In a letter reported by the Daily Democrat newspaper, Woodland City Manager Paul Navazio encouraged Rodriguez and Waste Management to delay those fines until the beginning of 2020. Similar pushback was nowhere to be found at last Tuesday’s council meeting, with City Manager John Donlevy defending the overage and contamination penalties as necessary in order to keep up with the times. “The reality of waste management is it’s becoming more complex,” Donlevy said. He encouraged residents and businesses to report people who are conducting illegal activity, including refuse dumping. Rodriguez said the new technology and fines were not intended to single out any problematic customer; in fact, the technology on the trucks can also be used to identify cans that are in need of repair and graffiti to business dumpsters in a time frame that will give the company time to fix a problem before a customer reports or even notices it. It can also help identify which customers are overfilling their small bins so the company can offer to provide larger bins, a technique Waste Management calls “right-sizing.” As for those new fines, Rodriguez said the proof is in the number: When businesses began receiving overage and contamination fines earlier this year, Rodriguez said instances of overflowing refuse bins dropped by 56 percent wile contaminated loads fell by 89 percent. “It is working,” she said. “It is cleaning up the city.”]]>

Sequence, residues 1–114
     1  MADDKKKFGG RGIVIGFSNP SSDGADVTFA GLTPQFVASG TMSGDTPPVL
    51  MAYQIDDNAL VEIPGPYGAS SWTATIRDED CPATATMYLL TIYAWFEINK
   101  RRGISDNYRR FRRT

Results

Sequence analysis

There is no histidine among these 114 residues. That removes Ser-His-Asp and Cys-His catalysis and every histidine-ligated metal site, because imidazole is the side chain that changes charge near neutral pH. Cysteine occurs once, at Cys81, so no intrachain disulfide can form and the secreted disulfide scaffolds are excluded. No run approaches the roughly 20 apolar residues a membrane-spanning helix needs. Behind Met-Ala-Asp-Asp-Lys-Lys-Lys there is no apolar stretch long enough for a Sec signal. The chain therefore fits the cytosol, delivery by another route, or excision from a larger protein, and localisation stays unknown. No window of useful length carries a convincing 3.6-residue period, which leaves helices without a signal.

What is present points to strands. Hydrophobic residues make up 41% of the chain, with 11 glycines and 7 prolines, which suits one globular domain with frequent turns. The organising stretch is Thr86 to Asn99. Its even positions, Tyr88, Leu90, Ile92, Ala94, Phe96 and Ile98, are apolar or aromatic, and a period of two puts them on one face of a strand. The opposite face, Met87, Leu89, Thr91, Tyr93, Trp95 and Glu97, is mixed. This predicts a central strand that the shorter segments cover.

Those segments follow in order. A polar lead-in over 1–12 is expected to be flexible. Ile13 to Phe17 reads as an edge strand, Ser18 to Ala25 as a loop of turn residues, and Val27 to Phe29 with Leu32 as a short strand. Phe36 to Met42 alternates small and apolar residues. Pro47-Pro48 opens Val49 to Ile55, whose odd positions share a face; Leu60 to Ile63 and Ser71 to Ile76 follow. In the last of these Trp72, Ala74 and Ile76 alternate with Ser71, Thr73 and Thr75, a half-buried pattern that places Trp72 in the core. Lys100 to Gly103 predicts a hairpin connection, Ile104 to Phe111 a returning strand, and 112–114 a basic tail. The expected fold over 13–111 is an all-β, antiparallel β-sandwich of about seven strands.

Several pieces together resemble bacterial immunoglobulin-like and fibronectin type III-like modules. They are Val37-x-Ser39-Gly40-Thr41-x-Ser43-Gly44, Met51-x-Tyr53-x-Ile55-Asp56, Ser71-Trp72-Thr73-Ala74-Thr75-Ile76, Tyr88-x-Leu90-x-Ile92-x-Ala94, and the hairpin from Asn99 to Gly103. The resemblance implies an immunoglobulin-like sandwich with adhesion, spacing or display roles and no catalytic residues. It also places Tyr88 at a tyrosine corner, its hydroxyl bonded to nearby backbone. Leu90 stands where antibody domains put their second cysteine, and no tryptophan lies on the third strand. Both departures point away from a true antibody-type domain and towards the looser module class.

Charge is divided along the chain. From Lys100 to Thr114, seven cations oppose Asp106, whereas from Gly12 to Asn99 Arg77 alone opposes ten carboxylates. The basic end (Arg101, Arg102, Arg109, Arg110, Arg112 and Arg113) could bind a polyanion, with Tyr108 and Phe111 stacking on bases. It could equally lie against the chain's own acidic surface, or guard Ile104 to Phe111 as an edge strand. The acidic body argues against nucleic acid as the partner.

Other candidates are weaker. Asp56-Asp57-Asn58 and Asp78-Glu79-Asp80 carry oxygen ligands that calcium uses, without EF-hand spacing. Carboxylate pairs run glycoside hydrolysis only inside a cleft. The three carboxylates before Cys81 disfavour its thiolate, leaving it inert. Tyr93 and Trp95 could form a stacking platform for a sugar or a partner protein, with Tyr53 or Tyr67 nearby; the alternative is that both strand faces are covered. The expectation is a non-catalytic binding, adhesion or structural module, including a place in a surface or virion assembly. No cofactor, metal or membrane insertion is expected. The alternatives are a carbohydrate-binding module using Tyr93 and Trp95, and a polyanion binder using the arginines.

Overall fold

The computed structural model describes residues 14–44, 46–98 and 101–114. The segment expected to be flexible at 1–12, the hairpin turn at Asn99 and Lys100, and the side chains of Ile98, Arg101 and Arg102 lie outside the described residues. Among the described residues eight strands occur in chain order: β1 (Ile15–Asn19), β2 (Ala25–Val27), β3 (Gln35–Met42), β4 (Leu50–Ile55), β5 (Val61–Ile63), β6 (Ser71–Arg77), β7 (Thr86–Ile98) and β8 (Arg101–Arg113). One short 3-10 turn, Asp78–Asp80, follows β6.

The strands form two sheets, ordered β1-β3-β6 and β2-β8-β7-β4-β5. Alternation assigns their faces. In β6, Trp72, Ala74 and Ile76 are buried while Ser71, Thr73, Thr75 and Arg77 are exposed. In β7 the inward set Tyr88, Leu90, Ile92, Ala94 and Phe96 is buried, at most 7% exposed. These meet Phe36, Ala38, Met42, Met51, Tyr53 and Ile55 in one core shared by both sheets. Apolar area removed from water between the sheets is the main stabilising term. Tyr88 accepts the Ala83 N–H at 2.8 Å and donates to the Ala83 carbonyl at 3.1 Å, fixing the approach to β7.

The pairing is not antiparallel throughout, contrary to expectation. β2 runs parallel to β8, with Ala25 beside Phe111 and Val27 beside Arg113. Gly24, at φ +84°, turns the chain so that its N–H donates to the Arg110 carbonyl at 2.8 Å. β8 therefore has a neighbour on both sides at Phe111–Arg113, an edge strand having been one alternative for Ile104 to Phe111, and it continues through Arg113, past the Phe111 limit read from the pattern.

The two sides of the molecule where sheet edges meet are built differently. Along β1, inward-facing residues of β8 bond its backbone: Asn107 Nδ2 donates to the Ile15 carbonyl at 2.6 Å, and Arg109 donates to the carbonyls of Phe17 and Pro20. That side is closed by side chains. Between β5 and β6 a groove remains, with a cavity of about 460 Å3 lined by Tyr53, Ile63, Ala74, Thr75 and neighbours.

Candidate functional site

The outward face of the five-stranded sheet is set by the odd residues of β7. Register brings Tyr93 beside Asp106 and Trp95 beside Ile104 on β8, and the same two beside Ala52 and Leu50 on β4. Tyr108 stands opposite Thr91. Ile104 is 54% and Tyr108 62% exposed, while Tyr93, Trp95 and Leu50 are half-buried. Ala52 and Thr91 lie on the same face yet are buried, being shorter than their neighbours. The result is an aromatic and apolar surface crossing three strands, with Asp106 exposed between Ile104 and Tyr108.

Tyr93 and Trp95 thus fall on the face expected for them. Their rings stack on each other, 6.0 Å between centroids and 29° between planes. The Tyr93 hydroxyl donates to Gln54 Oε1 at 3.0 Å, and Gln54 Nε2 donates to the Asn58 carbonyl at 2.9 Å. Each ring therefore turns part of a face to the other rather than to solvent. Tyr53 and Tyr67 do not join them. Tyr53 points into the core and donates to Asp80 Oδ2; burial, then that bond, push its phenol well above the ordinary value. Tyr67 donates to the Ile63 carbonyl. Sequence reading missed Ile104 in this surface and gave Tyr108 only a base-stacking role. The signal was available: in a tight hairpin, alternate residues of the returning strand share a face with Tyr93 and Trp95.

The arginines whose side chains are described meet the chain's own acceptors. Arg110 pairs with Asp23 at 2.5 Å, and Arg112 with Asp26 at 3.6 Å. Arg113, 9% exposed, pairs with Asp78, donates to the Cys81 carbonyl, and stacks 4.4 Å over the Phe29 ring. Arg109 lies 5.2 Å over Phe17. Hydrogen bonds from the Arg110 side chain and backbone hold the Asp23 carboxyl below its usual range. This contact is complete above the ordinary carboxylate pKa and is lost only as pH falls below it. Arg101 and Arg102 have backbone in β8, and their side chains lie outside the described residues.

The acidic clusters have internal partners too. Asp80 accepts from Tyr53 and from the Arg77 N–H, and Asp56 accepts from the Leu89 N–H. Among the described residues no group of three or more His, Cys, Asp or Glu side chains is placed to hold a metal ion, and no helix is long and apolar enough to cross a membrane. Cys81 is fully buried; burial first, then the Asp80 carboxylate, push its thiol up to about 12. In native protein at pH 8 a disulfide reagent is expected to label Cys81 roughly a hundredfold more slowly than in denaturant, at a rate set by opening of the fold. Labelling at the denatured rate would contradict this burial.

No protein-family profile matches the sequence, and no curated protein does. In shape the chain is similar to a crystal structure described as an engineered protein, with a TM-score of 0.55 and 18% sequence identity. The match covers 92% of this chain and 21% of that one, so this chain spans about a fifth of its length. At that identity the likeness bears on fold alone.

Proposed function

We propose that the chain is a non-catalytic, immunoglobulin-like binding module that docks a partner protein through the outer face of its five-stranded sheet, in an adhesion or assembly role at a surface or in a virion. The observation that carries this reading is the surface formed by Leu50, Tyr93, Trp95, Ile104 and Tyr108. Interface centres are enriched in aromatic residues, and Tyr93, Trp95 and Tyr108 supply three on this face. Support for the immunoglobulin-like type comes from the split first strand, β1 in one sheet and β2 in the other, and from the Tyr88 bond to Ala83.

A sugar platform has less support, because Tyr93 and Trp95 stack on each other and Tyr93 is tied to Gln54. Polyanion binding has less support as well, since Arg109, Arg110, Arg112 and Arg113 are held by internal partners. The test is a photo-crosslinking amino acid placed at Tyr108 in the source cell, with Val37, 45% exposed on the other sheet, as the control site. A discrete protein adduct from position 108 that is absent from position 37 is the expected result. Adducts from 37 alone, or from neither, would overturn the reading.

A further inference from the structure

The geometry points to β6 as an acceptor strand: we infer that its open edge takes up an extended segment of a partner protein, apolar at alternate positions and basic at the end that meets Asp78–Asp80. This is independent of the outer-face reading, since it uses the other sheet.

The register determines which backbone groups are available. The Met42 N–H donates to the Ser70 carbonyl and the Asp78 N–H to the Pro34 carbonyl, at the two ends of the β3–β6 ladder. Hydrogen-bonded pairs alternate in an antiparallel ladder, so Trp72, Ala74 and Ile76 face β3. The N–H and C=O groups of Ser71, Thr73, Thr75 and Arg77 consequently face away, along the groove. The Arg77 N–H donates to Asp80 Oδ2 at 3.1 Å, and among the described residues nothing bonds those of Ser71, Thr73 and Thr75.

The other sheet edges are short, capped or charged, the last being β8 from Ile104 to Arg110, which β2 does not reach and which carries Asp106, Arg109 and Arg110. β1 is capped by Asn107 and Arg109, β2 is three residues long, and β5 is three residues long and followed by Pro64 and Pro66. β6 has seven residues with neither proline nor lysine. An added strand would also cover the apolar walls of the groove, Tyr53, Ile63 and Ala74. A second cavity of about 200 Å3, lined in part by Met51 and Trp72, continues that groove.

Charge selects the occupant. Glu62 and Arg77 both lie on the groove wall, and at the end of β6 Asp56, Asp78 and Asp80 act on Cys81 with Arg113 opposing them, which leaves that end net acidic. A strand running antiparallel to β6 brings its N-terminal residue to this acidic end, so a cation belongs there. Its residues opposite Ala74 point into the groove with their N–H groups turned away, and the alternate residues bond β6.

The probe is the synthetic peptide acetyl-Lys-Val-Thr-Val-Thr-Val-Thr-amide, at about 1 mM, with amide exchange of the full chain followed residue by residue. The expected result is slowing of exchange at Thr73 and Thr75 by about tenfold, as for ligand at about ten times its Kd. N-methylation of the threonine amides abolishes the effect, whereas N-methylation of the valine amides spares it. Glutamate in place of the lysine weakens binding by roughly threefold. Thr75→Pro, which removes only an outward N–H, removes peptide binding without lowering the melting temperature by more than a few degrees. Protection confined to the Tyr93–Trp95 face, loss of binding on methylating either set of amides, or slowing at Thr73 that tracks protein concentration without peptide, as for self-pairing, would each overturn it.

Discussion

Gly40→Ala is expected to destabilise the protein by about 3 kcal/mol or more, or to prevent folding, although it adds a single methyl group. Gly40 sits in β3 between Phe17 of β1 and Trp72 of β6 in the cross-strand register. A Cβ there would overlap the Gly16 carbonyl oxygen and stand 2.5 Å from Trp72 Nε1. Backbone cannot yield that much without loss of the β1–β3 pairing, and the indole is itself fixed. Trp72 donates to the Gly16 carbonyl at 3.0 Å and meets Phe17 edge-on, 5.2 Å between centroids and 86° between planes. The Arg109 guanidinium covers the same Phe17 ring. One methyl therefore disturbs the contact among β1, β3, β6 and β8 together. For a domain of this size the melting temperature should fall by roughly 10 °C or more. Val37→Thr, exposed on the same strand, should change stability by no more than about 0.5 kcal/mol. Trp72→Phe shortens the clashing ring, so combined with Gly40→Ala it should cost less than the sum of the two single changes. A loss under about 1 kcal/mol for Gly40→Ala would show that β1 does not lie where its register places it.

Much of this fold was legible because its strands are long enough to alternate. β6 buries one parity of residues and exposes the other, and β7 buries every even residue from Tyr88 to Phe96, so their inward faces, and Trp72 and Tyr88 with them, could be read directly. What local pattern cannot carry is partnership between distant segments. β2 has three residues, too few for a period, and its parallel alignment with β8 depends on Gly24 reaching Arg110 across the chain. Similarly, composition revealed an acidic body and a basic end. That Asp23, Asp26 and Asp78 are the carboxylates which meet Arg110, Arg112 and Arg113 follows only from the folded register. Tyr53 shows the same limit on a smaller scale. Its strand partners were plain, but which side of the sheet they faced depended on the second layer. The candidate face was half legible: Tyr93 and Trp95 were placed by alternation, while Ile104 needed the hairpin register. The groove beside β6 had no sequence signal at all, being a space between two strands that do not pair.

Smarter technology brings new garbage fines to Winters
New technology on garbage collection trucks in Winters will include new fines for residents here.